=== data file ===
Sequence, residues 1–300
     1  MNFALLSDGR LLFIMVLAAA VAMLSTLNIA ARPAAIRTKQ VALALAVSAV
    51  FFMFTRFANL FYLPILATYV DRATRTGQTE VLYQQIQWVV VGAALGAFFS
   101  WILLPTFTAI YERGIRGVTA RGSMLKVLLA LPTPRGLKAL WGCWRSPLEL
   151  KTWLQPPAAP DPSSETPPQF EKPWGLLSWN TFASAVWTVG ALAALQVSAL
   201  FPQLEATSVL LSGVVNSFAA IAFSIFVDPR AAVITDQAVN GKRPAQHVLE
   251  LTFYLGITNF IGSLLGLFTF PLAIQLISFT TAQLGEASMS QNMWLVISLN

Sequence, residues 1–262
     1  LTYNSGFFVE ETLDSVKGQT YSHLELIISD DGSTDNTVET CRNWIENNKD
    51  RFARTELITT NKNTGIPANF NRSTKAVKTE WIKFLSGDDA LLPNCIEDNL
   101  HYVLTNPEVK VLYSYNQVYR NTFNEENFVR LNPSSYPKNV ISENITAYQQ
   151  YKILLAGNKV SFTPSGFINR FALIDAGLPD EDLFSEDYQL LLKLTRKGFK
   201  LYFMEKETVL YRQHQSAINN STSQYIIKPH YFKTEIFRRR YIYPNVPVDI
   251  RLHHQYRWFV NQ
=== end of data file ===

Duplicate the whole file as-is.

Sequence, residues 1–300
     1  MNFALLSDGR LLFIMVLAAA VAMLSTLNIA ARPAAIRTKQ VALALAVSAV
    51  FFMFTRFANL FYLPILATYV DRATRTGQTE VLYQQIQWVV VGAALGAFFS
   101  WILLPTFTAI YERGIRGVTA RGSMLKVLLA LPTPRGLKAL WGCWRSPLEL
   151  KTWLQPPAAP DPSSETPPQF EKPWGLLSWN TFASAVWTVG ALAALQVSAL
   201  FPQLEATSVL LSGVVNSFAA IAFSIFVDPR AAVITDQAVN GKRPAQHVLE
   251  LTFYLGITNF IGSLLGLFTF PLAIQLISFT TAQLGEASMS QNMWLVISLN

Sequence, residues 1–262
     1  LTYNSGFFVE ETLDSVKGQT YSHLELIISD DGSTDNTVET CRNWIENNKD
    51  RFARTELITT NKNTGIPANF NRSTKAVKTE WIKFLSGDDA LLPNCIEDNL
   101  HYVLTNPEVK VLYSYNQVYR NTFNEENFVR LNPSSYPKNV ISENITAYQQ
   151  YKILLAGNKV SFTPSGFINR FALIDAGLPD EDLFSEDYQL LLKLTRKGFK
   201  LYFMEKETVL YRQHQSAINN STSQYIIKPH YFKTEIFRRR YIYPNVPVDI
   251  RLHHQYRWFV NQ